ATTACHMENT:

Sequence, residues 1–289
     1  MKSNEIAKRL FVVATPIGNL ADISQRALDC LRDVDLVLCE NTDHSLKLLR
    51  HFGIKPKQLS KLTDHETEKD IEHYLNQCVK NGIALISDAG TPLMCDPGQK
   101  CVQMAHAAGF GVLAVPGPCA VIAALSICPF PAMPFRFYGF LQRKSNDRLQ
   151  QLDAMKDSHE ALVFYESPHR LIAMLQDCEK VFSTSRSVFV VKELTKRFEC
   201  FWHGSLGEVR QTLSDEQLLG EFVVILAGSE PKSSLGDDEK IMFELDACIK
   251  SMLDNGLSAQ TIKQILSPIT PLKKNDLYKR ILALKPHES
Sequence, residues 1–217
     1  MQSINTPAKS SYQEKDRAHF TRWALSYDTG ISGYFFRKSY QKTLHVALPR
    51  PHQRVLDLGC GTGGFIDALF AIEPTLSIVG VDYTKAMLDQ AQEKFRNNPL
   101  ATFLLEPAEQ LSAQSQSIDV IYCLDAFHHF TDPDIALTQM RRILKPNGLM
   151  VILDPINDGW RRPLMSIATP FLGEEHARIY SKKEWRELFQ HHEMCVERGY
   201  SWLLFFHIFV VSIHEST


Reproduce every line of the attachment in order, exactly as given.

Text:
Sequence, residues 1–289
     1  MKSNEIAKRL FVVATPIGNL ADISQRALDC LRDVDLVLCE NTDHSLKLLR
    51  HFGIKPKQLS KLTDHETEKD IEHYLNQCVK NGIALISDAG TPLMCDPGQK
   101  CVQMAHAAGF GVLAVPGPCA VIAALSICPF PAMPFRFYGF LQRKSNDRLQ
   151  QLDAMKDSHE ALVFYESPHR LIAMLQDCEK VFSTSRSVFV VKELTKRFEC
   201  FWHGSLGEVR QTLSDEQLLG EFVVILAGSE PKSSLGDDEK IMFELDACIK
   251  SMLDNGLSAQ TIKQILSPIT PLKKNDLYKR ILALKPHES
Sequence, residues 1–217
     1  MQSINTPAKS SYQEKDRAHF TRWALSYDTG ISGYFFRKSY QKTLHVALPR
    51  PHQRVLDLGC GTGGFIDALF AIEPTLSIVG VDYTKAMLDQ AQEKFRNNPL
   101  ATFLLEPAEQ LSAQSQSIDV IYCLDAFHHF TDPDIALTQM RRILKPNGLM
   151  VILDPINDGW RRPLMSIATP FLGEEHARIY SKKEWRELFQ HHEMCVERGY
   201  SWLLFFHIFV VSIHEST